A fashionista from Beverly Hills, Calif., collected millions in interior design contracts from federal agencies by claiming to be “disadvantaged,” while simultaneously working at the Department of Veterans Affairs (VA) sending work to design companies.
Ronda C. Jackson was a no-show at her VA job, colleagues said. Records show she instead spent her time running a design company that got $7 million in contracts from the VA and other government agencies since 2008, reselling them marked-up goods like five-seat tables for $17,000.
Since 1997, Jackson has run Décor Interior Design, which seeks preference on government contracts by claiming to be disadvantaged because she is black, a woman and based out of a supposedly downtrodden “Historically Underutilized Business Zone” (HUBZone). The reduced-competition contracting program is known as 8(a).
Jackson worked as a full-time federal employee at the Los Angeles VA center in fiscal years 2010 and 2011, which ran from Oct. 1, 2009 to Sept. 30, 2011. Pay records show she worked as a GS-12 level interior designer and made $80,000 each year. Colleagues said they never saw Jackson in the office.
Management looked the other way when told she was habitually absent and had forwarded her phone to the business she was managing.
In fiscal years 2008 through 2010, the company had $222,000 in contracts with the VA, federal records show. The last contract was signed with the Los Angeles VA November, 2009, with work listed as being completed Sept. 30, 2010, meaning she was being paid as a full-time employee for almost a whole year while also working on a contract for the same agency and at the same hospital and for the same type of work. Her job as an employee was to buy furniture for the VA, and her job as a contractor included selling it.
[dcquiz] A typical contract to her company was $76,000 for “sign maintenance review and consultation services” at a Los Angeles-area VA hospital, paid without weighing offers from any other companies. The contract ran through Sept. 30, 2009. During the time she was apparently on the VA payroll, Jackson’s company was also signing contracts with other agencies, including the Army, the Department of Health and Human Services, and the Air Force.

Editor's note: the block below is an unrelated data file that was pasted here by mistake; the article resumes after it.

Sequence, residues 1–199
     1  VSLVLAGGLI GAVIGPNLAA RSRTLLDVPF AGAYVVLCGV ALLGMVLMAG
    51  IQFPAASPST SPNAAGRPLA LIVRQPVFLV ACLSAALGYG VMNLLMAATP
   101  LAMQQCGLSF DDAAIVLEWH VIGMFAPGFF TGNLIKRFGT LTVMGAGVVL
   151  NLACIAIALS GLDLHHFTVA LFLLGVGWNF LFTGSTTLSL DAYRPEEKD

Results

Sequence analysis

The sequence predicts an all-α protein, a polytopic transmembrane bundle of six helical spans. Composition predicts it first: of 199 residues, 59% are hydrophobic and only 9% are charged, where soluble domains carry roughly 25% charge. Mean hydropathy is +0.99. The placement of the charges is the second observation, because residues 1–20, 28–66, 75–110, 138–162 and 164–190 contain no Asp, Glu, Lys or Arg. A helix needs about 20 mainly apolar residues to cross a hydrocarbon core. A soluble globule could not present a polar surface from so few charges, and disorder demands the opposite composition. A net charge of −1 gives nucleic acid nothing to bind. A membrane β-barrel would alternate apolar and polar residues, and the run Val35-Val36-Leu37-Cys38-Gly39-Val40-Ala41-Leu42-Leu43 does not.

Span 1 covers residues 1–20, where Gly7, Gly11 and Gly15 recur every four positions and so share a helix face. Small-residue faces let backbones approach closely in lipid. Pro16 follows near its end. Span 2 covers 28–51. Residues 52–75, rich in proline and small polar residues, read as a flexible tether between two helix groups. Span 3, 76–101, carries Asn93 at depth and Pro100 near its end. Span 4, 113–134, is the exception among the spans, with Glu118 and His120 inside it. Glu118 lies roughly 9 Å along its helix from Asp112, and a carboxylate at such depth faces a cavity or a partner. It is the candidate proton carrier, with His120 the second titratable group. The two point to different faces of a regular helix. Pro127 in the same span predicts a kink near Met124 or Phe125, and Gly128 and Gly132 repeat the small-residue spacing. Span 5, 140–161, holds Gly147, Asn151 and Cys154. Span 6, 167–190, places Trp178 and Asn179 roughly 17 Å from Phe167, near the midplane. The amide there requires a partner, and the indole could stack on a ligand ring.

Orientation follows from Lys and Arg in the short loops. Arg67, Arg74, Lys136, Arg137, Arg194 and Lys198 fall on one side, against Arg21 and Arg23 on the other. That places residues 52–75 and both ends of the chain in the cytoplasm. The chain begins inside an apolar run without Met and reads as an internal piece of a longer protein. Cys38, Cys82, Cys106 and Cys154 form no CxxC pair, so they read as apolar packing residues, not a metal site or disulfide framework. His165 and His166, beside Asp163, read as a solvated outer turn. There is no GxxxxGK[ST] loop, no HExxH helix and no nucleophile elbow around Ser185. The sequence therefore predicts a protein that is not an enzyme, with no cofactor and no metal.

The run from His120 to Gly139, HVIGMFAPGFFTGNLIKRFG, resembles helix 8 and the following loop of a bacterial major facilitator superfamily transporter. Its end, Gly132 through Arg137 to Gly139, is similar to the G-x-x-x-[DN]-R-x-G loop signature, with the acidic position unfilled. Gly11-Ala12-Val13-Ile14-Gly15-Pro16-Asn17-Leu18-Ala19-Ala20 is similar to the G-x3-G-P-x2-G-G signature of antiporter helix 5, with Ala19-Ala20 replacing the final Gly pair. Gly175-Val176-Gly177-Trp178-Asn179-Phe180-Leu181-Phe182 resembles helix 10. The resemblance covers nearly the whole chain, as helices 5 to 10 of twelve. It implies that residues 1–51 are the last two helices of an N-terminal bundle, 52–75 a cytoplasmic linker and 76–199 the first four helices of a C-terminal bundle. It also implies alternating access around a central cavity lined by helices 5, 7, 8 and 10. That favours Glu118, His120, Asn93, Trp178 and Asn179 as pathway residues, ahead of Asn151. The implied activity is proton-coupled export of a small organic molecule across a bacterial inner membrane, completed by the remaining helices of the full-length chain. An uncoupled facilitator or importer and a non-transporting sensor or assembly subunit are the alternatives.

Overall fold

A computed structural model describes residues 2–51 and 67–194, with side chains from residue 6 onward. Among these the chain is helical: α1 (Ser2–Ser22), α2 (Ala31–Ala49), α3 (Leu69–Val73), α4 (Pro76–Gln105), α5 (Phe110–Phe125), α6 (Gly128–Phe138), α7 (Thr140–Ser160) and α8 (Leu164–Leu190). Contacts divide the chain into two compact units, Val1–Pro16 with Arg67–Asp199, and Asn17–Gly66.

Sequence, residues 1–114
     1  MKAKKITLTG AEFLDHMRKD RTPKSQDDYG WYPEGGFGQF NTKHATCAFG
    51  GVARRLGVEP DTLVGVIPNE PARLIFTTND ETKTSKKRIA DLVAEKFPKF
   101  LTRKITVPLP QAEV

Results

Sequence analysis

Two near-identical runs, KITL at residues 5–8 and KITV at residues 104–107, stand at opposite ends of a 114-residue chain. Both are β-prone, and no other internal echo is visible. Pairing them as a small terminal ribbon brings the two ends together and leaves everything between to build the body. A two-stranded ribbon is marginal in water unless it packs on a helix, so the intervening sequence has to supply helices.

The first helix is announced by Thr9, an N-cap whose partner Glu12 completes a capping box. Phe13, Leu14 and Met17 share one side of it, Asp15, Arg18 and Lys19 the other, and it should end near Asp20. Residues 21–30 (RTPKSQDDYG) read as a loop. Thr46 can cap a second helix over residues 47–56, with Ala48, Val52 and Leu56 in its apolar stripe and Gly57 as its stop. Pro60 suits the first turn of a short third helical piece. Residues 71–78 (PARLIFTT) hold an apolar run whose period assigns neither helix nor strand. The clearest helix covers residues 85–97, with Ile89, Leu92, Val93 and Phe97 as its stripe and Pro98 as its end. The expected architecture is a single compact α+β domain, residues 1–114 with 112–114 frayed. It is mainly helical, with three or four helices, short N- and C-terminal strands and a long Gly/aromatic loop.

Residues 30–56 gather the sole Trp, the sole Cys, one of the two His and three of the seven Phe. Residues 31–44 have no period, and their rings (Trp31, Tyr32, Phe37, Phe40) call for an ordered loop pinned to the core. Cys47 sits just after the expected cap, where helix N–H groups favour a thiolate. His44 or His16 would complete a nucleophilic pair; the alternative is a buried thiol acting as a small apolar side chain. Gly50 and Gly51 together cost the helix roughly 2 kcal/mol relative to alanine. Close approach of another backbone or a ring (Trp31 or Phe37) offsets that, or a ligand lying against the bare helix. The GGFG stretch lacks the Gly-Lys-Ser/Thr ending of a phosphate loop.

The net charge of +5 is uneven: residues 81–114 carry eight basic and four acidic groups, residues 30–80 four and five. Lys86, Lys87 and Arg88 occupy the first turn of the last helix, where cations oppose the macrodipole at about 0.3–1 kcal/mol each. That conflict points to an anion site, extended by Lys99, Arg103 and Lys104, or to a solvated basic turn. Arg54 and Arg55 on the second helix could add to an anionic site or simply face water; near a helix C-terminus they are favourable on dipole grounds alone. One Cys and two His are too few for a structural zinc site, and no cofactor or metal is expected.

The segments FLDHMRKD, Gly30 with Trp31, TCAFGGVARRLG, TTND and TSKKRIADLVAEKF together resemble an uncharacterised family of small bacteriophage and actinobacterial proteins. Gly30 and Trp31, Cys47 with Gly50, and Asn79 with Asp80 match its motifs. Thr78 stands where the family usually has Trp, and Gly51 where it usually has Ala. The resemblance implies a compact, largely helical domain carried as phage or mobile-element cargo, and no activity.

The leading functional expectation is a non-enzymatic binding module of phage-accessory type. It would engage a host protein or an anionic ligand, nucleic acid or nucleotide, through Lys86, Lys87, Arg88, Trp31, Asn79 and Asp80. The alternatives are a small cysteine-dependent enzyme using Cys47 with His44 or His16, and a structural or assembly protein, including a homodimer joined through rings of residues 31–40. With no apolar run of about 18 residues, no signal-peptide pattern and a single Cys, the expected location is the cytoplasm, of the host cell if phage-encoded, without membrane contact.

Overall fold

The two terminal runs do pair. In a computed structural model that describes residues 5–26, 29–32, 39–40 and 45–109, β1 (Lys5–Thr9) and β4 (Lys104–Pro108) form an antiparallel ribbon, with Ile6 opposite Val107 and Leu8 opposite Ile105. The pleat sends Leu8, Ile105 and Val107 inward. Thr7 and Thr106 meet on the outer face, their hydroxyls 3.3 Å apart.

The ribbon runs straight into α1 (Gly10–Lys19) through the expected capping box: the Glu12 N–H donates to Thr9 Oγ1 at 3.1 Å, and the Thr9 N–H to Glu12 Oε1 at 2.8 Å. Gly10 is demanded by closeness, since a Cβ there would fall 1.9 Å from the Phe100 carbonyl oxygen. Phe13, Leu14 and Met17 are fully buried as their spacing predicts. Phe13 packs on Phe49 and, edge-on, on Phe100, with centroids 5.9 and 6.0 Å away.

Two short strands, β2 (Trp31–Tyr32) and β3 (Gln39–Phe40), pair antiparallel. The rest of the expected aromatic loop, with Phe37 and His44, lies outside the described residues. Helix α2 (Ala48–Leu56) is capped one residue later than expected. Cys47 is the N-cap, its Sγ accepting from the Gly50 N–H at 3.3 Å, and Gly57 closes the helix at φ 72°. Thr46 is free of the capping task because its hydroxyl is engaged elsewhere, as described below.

Emails obtained by The Daily Caller News Foundation show that Robert Benkeser, a high-level manager in charge of facilities, was told that Jackson appeared to have a no-show employment arrangement, but did nothing.
Benkeser is the same manager who was in charge of an official vehicle fleet from which 30 of 88 cars disappeared. He fired the employee who exposed the missing cars as well as the fact that government credit cards from the same unit appeared to have been used fraudulently. Benkeser received only “counseling” for the misconduct, and there is no indication he received any disciplinary action for the retaliation.
“Mr. Benkeser, it has come to my attention that there is a potential resource abuse situation occurring within FMS service. Ronda Jackson, the new interior designer, has not appeared here on campus the entire week and nor have I been able to contact her for the last several weeks,” VA engineer Ken Rippetoe emailed in December, 2010.
“The staff that work in her office just say that ‘we don’t know, we haven’t seen her’ and have told me that they are afraid of reporting it to Mr. Lemle or you because they don’t want to jeopardize their jobs … The staff have stated that she has no leave and she doesn’t call in.